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Try Something New With Social Media

by | Nov 5, 2009 | Industry News & Trends


Do Things Differently

I am not addicted to coffee and I’m not writing that because I’m in denial. But every day, on my commute to work, coffee rides co-pilot. Today it stayed home. I wasn’t trying to prove anything. I simply forgot my usual routine. I didn’t miss the coffee (remember I’m not addicted), I missed the action of tipping my travel mug at every light. I felt like I was supposed to be doing something. My hand felt antsy.

What do you do every day (from an organizational standpoint); something you do without thinking that when it can’t be done or when it has to be done a different way, you are at a loss? It just doesn’t feel right.

There’s an old phrase, “habits are something we do without thinking. That’s why some of us have so many of them.” Habits are our way of going on mental autopilot. We don’t need to give our processes any thought because we’re continuing to do them the same way we always have. But doing things the way they have always been done makes us lazy. It removes creativity and turns our decision-making process into rote procedure. It takes away evolution, which is necessary when dealing with today’s challenges. 

Here are 5 ways to step outside of doing things the way you’ve always done them with social media.

1. Shake up your member base — once a day, at least 3 times a week, contact a random member of your organization or contact list. Send an email, text, personal note, write on their wall, whatever — just reach out to them in some way. Ask how you can be of service, what their latest interest is, what suggestions they have for you. Get in touch with your online community.

2. Learn something new — enter keywords on a blog site, Twitter, Wikipedia, you get the idea. Then read and read.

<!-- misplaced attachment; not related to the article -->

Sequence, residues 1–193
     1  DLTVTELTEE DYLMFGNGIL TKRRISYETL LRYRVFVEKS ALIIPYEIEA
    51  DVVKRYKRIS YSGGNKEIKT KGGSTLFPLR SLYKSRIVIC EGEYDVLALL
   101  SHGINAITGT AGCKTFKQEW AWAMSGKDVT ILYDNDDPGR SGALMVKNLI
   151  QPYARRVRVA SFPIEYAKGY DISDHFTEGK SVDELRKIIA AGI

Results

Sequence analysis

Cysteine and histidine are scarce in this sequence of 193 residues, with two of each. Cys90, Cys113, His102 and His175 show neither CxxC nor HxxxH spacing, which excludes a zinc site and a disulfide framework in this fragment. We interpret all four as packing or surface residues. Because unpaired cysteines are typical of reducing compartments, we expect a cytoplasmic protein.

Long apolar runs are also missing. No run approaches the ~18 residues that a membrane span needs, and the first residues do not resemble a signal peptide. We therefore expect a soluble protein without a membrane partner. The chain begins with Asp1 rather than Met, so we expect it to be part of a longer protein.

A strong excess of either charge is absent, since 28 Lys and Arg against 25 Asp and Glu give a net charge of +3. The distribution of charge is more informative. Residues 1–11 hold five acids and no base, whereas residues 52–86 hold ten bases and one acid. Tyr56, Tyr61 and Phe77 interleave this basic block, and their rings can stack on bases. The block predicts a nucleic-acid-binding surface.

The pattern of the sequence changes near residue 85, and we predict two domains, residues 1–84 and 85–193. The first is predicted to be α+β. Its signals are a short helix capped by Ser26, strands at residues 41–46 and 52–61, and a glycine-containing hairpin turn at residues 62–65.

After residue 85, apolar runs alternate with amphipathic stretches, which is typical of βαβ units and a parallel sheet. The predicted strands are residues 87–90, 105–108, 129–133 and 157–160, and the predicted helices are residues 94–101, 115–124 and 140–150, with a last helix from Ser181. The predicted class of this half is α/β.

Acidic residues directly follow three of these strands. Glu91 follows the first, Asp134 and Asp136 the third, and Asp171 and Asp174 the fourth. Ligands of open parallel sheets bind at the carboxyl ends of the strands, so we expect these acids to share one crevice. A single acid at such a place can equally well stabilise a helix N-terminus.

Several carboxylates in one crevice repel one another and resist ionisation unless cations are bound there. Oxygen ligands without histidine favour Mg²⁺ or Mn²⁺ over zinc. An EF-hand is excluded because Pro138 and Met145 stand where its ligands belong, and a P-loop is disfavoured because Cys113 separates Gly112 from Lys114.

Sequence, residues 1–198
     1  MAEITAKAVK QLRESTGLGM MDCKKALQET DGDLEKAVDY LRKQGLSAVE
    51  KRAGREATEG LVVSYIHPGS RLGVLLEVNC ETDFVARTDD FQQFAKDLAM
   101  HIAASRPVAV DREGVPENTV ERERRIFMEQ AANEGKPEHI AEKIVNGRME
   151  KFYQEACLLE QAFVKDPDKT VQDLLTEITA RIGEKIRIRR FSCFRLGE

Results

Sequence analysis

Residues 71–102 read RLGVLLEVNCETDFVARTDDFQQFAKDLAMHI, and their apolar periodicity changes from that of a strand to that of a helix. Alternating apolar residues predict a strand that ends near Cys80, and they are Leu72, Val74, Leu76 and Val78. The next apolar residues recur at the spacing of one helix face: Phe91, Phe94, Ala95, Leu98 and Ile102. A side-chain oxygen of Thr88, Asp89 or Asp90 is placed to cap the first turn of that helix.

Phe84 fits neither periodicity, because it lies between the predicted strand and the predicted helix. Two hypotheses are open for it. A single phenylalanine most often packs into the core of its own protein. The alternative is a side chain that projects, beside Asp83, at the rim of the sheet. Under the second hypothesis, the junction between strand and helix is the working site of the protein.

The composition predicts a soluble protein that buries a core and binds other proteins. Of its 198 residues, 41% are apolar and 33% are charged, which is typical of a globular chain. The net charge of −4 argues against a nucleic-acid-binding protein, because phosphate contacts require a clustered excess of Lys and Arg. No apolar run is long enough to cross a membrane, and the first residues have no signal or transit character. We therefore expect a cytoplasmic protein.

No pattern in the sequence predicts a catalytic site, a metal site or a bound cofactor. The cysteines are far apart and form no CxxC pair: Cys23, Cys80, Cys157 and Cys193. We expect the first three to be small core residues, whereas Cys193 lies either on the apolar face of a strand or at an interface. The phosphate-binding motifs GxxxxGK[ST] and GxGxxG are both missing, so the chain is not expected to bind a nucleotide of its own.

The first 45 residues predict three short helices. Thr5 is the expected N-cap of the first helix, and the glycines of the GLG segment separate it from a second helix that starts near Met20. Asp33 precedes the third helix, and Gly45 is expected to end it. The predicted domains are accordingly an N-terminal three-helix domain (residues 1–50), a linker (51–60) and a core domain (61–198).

3. Make contact — you’ve just learned something. How did it make you feel? Agree or disagree? Let the author know your feelings by reaching out (in a professional way).

4. Share — how does your newly acquired knowledge fit into your life or that of your members? Pass it along. Write a blog about it. Email a few of your contacts. Share its meaning with those who cross your path that day. Whether it’s your barista at Starbucks or your child’s kindergarten teacher, if you found the information helpful chances are someone else will as well. Maybe they’ll even have additional information or insight to add to the conversation.

5. Make introductions — Twitter has Follow Friday. Member sites have featured members. But why not take this to another level? You’ve made contact with someone from your community. You’ve gained insight/knowledge. You’ve shared this knowledge. Now help others meet (or become reintroduced to) people who will have a beneficial effect on their hobby, career or life. Whether you do it on email, through personal introduction or linking to their blogs; facilitating introductions builds an infrastructure of engaged individuals.

It’s easy to continue to run your organization the way it’s always been done. It’s safe. It requires little thought. The paths are already hewn. But if you’re willing, you can challenge yourself to make small changes that yield a big difference. Try what I suggest and let me know how it goes. Maybe I’ll even follow my own advice and leave my coffee co-pilot at home and use those momentary traffic stops to think about interesting ideas. This blog was born because I “forgot” my coffee. What amazing thing are you achieving today because you “forgot” to do things as usual?


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